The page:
A text exchange between Leanna and a client about needing some extra time on a project

On bad days, having a standard or canned response ready to go can really alleviate stress and allow you to focus on recovery. You could even use a text expander to make things easier on yourself.

Tip: Tell your client about your situation as early as possible and either suggest an alternative day for submitting your work, or let them know when you'll check in with a new due date.

Dealing with stressful clients or projects

A few years ago, I chose to take on a project I knew I'd hate because I adored my client (a boutique marketing agency). It got so bad that I'd panic every time I opened my computer. Eventually, I confessed to my contact in tears. And while she was sweet and understanding, it was a messy transition that damaged the client relationship, all because I ignored my own boundaries

Point is, even if you have a good client and work well together, stressful situations can crop up. 

First, try to identify the source of your stress: is it the project, your contact, or the client? Could it be you, your mental health, the timing, or other external factors? Think carefully about all the circumstances, and be honest with yourself about your own involvement.

No one wants to hear "we need to talk," but an "I'm having a hard time with this project. Can we hop on a call to discuss?" will help you get past that initial awkwardness. Remind them of the positive aspects of your relationship, lay out the problems as simply as you can, and offer potential solutions.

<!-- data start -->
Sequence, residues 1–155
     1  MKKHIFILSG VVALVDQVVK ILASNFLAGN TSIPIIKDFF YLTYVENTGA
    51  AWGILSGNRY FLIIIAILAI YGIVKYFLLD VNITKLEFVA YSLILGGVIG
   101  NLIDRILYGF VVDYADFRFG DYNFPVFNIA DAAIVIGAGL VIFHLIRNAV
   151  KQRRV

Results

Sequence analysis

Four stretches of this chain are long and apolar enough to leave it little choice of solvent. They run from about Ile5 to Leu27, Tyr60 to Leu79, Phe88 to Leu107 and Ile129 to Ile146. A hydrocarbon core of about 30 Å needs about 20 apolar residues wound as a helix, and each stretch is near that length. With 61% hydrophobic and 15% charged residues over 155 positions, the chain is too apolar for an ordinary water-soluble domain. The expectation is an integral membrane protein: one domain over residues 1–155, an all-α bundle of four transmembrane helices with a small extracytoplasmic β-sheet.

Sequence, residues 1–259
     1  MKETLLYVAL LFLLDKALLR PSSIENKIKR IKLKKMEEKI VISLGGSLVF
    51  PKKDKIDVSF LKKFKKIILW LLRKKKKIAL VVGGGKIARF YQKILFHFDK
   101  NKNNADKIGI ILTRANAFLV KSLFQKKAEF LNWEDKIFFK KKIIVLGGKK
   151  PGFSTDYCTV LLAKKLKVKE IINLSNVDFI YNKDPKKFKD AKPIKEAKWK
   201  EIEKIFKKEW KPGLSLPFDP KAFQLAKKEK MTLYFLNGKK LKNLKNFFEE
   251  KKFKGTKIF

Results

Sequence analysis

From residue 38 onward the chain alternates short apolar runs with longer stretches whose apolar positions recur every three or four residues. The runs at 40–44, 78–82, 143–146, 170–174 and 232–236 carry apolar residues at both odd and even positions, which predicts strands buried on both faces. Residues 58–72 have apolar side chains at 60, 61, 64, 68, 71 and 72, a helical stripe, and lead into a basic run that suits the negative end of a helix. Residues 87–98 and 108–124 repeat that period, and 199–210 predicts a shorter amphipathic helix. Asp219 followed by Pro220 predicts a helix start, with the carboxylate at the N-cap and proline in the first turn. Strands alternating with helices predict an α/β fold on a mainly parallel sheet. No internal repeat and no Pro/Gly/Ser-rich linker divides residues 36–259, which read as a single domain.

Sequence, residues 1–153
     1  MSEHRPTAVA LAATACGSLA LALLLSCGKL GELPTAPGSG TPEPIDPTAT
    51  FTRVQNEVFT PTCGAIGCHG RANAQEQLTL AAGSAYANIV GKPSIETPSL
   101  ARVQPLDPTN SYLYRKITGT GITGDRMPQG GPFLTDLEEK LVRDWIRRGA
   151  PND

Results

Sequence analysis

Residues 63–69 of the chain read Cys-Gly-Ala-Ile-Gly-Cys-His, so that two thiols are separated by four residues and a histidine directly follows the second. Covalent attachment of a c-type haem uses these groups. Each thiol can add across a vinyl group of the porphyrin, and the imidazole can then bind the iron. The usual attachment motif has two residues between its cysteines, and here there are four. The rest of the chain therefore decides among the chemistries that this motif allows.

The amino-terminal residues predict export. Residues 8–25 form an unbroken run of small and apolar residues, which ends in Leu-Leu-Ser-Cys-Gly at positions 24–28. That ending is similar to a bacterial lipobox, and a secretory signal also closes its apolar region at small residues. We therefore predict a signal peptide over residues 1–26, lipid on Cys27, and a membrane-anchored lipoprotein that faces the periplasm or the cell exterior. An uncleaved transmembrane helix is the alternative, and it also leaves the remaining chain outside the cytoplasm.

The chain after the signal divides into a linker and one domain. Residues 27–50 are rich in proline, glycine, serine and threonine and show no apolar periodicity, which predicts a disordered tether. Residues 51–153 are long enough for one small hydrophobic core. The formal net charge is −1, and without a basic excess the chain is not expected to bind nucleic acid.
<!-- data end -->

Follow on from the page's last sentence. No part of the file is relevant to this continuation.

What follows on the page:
Tip: Look at every stressful situation as a learning experience. If the problem was the project or the client, that's a good sign that you may need to set some new work boundaries. If you were even partially responsible, it's probably time for a self-assessment.

Approach #2: Direct, but not open 

There is zero need to be upfront if you don't want to or are concerned that it will affect your livelihood. Talking about your mental health upfront can and has led to discrimination, false assumptions, and soured professional relationships. I'm a mental health advocate who writes about mental health, and I still choose not to disclose my private life to everyone all the time. 

This method can be used with any client, and you don't necessarily need to build up a rapport beforehand.

Introducing yourself

For this approach, I tend to lean into the professional rather than the personal. Instead of sharing my mental health story, I lay out my approach to work and how we can work best together.

Focus on how you're a business that supports worker mental health and what that looks like in terms of communication, work hours, mental health days, and project deadlines. When I talk to potential new clients about scope, I mention my minimum turnaround times, when I'm available for communication and calls based on timezone, and any upcoming time off.